New Zealand retail sales volumes rose by the most in six years in the December quarter, helping propel the New Zealand dollar to a 17-month high as confidence grows that the economy is lifting out of a soft patch.
Sales volumes, which strip out price movements, rose a seasonally adjusted 2.1 percent in the three months to Dec 31, well ahead of market expectations for a 1.1 percent rise. The bounce came after a revised 0.2 percent fall in the previous quarter.
The numbers followed an ANZ Bank survey on Thursday which showed consumer confidence at its highest level in 32 months.
Despite the recent upbeat data, the Reserve Bank of New Zealand is seen keeping its cash rate at a record low of 2.5 percent for a while yet.
"Overall, the message is that the New Zealand economy is starting to get traction from lower rates," said Ben Jarman, economist at JPMorgan.
"The new RBNZ governor is of the view that the economy is probably not as weak as it looks and that things can turn quite quickly when housing is very strong. That seems to be playing out," Jarman said, adding he expected a rate hike in the September quarter.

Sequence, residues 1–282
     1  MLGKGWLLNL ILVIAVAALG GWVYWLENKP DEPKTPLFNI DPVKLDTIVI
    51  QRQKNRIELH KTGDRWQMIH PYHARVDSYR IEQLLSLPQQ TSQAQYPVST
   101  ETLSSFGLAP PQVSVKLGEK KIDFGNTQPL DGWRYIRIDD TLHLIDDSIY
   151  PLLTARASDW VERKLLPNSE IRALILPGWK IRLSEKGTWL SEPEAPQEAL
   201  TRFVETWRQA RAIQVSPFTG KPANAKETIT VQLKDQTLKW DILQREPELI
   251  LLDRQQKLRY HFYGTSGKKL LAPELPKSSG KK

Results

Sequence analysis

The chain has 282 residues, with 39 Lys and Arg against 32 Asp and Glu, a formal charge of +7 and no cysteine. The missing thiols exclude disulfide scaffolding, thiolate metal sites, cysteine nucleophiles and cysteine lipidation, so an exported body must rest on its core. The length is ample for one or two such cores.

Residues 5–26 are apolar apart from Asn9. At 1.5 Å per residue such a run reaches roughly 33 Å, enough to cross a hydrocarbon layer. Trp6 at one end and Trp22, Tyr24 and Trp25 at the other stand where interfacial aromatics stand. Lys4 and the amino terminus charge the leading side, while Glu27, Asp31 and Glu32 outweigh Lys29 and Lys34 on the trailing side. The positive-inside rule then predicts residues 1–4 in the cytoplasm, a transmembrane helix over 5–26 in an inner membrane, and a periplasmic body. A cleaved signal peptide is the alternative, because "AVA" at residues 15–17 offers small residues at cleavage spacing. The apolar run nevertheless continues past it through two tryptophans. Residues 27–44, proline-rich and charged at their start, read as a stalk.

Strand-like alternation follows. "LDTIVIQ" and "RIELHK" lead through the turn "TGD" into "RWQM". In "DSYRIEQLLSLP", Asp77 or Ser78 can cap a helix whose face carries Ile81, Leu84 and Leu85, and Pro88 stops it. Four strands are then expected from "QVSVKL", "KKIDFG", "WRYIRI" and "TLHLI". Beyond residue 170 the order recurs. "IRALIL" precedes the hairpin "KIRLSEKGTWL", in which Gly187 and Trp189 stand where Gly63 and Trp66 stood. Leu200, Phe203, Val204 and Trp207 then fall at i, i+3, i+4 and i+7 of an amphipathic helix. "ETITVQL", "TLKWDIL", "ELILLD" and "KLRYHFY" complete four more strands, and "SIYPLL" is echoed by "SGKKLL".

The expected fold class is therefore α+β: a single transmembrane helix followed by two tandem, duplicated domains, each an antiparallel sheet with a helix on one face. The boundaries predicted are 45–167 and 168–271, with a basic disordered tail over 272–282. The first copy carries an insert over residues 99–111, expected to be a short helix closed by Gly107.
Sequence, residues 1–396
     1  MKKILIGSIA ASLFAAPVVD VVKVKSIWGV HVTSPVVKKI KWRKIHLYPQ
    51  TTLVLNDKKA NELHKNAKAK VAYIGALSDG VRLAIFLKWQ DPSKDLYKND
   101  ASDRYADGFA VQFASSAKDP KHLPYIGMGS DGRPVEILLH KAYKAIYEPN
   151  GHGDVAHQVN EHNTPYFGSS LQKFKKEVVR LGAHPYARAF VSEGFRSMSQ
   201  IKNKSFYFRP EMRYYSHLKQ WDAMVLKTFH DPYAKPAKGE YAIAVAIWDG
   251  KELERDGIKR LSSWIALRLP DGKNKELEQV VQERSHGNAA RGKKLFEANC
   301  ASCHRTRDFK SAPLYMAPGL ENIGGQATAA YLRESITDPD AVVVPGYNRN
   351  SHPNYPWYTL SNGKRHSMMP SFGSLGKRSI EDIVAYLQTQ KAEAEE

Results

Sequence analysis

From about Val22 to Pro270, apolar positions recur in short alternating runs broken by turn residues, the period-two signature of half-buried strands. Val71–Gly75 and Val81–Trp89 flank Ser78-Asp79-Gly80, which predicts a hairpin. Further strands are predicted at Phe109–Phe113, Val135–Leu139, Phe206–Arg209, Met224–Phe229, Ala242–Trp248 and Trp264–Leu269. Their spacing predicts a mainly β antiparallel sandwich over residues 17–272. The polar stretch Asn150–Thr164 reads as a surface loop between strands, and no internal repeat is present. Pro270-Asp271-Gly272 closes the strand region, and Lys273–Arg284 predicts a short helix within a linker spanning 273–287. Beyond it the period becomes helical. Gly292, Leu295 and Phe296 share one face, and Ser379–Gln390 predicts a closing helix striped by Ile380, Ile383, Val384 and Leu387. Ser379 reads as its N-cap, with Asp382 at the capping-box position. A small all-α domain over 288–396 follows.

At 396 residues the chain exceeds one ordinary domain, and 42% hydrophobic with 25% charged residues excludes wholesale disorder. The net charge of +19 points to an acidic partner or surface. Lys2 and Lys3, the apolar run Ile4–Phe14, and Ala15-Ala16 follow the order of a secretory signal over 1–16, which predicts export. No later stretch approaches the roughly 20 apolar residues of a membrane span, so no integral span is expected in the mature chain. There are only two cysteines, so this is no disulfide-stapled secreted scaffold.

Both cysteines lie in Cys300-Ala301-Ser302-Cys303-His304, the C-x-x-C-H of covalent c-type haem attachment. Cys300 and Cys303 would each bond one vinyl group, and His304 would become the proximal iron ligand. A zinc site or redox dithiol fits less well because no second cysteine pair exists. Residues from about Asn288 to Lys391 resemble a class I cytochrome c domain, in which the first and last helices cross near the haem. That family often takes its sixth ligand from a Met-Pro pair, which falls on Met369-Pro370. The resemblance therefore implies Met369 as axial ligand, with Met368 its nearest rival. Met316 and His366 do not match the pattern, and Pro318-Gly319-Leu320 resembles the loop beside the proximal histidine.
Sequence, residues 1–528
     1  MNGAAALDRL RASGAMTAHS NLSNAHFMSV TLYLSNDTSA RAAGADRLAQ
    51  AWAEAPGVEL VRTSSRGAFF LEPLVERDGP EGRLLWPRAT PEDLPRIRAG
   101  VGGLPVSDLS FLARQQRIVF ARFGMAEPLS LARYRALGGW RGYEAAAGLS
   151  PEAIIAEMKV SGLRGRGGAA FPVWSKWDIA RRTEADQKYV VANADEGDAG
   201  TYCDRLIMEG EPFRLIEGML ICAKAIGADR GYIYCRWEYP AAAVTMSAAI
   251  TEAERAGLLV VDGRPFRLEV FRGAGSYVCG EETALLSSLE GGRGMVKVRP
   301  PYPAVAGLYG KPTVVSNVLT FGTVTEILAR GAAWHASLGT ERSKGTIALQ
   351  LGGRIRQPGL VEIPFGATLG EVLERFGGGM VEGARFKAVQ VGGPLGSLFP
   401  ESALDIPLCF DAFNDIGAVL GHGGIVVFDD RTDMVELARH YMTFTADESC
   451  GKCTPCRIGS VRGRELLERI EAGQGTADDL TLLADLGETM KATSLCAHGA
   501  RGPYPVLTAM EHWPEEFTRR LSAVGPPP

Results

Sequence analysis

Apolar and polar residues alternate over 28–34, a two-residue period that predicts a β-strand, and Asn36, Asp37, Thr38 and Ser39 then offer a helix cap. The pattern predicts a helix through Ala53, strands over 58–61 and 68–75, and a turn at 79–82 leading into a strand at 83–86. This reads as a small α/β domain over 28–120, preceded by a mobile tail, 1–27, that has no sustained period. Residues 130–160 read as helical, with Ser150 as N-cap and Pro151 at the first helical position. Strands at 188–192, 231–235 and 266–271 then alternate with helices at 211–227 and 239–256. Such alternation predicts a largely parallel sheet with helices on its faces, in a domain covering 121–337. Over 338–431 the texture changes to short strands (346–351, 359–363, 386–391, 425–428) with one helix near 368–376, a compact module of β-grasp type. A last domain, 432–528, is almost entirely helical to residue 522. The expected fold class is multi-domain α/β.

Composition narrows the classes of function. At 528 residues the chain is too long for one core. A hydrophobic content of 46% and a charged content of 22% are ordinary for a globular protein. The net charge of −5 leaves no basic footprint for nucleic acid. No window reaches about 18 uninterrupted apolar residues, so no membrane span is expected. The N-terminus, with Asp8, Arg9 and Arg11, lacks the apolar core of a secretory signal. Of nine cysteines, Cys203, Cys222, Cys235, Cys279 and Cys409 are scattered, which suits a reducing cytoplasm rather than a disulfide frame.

Market pricing implies no chance of a rate move at next month's review, and 25 basis points of rises over the next 12 months.
The New Zealand dollar rose to a 17-month high of $0.8519 from $0.8465 ahead of the data. Interest rate futures; eased with the December contract now implying a cash rate of 3.01 percent, up from 2.95 percent on Thursday.
Volumes were driven by a 7.7 percent lift in fuel sales, the highest in four years, solid rises in department store sales, and strong demand for hardware and building supplies in Christchurch, which was damaged by earthquakes in 2010 and 2011.
Core retail sales volumes, which exclude fuel and motor sales and servicing, rose 1.5 percent.
The value of retail sales rose 1.7 percent in the quarter, with the strongest growth in the dairy region of Waikato and Canterbury, which includes Christchurch.
The quickening pace of the $16 billion rebuild of Christchurch is expected to drive domestic growth over the next three to four years, putting pressure on prices and eventually forcing the RBNZ to raise rates.
A Reuters poll of analysts shows an overwhelming majority see the next move in rates as a rise either late this year or early in 2014.
The strength of the retail